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Turandot: Puccini's Last Opera

March 24, 2009

  • date
    March 24, 2009
  • article type
    Press
  • category
    Opera Carolina News

Turandot: Puccini's Last Opera

Charlotte, NC - One of the most praised names in the opera world, Giacomo Puccini is the genius behind some of the most magnificent operas, including his seminal works Madama Butterfly, La bohème, and Turandot; all three rank in Opera America’s top 20 most-performed operas in the US. However, at his death in November of 1924, Puccini left his final opera, Turandot, incomplete. In his memory, protégée Franco Alfano completed the opera based on the sketches Puccini left behind. At the opera’s premiere in April 1926, Arturo Toscanini conducted through the end of Puccini’s original score. At this point, he turned to the audience and declared, “This marks the end of the opera left unfinished by the Maestro, because at this point he died.” Cries of “Viva Puccini!” rang out as the curtain was lowered. Toscanini edited Alfano’s interpretation to create “Alfano II,” now the most common full version of Puccini’s opera.

*** Who was Puccini?

Giacomo Puccini was born in Lucca, Italy on December 22, 1858. After seeing Verdi’s Aïda in March 1876, Puccini decided opera was to be his life's work. In 1880 Puccini enrolled at the Milan Conservatory where he worked diligently at his music and received his diploma in 1883. Twenty years separate the premieres of Giacomo Puccini's first opera, Le Villi, from the premiere of his sixth opera, Madama Butterfly. In those twenty years, Puccini had become the acknowledged heir to the great Giuseppe Verdi as the leading composer of Italian opera, blazing a trail of success that moved opera into new realms of realism.
Unfinished Business?
It’s unfair to say that Puccini left Turandot unfinished; he simply had no time to finish it. He began in March of 1920, and by February 1924, Act III was almost complete. A lifelong smoker, Puccini was diagnosed with laryngeal cancer in 1924. By autumn 1924, Puccini’s chronic sore throat escalated and in November he left for a set of groundbreaking radiotherapy treatments in Brussels – taking with him 36 pages of notes and sketches for Turandot’s finale and the promise of frequent communication with Toscanini, who was to conduct the scheduled premiere. Twenty days into treatment, he underwent surgery that left him unable to speak and he died of a heart attack four days later on November 29, 1924 in Brussels. Italy declared a national state of mourning. A tragic end yielded a remarkable work.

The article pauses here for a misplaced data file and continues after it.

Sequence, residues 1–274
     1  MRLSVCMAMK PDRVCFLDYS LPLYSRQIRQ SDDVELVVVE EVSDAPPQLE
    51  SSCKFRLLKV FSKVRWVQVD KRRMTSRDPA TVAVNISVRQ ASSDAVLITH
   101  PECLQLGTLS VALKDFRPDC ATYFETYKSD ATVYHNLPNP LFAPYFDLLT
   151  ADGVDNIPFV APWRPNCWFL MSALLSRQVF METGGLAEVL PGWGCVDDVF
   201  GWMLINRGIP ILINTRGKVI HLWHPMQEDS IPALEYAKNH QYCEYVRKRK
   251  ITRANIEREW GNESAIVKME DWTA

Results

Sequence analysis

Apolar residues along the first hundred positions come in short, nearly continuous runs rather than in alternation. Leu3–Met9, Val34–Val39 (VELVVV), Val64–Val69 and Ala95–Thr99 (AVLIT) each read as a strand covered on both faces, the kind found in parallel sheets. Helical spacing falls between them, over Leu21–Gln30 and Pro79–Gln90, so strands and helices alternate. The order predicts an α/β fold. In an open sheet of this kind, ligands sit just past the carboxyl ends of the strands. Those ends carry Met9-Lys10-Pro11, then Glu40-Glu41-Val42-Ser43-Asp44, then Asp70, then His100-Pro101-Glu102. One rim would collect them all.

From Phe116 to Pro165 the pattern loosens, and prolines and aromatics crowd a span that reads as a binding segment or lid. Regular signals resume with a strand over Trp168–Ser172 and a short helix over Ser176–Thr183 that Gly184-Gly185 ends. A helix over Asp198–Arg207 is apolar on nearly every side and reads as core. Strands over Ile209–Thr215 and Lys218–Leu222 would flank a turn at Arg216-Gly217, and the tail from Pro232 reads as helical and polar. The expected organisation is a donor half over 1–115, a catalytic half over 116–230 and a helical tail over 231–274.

Turandot will be performed at the Belk Theater of the Blumenthal Performing Arts Center April 16 at 7:30 p.m., April 18 at 8:00 p.m. & April 19 at 2:00 p.m. Tickets are available by calling 704.372.1000 or visit us at www.operacarolina.org. Full cast listings and bios are available at Opera Carolina Cast Bios. To download images of this production please visit Opera Carolina Media Photos. Current images available include headshots, producttion photos, and the Opera Carolina logo.

Turandot is sung in Italian with projected English titles and is recommended for G audiences. All performances feature the Opera Carolina Chorus and the Charlotte Symphony Orchestra. This production is made possible by Presenting Sponsors Margaret and Price Zimmermann, and The Hearst Corporation. Principal Artists sponsored by Drs. Ki-Hyun and Sun Shin Chun. Additional support provided by Duke Energy, Faison, U.S. Airways, and Blue Restaurant & Bar. Media support provided by The Charlotte Observer. Consistently appearing in The Charlotte Observer’s “101 Things to Do in Charlotte,” check Opera Carolina off the list and be a part of the 2008/2009 season!

Opera Carolina

Founded in 1948 as the Charlotte Opera Association by a small group of volunteers, Opera Carolina today is the largest professional opera company in the Carolinas with an operating budget of over $3.5 million. The mission of Opera Carolina is to inspire the region’s diverse community through the presentation of excellent Opera, Operetta, Music Theater, and Education & Outreach programs that elevate the quality of life in the Carolinas. Opera Carolina is a community resource with a commitment to artistic excellence and community service.
Opera Carolina is supported by the Arts & Science Council-Charlotte/Mecklenburg, Inc. and The North Carolina Arts Council, an agency funded by the state of North Carolina. Opera Carolina is a member of OPERA America.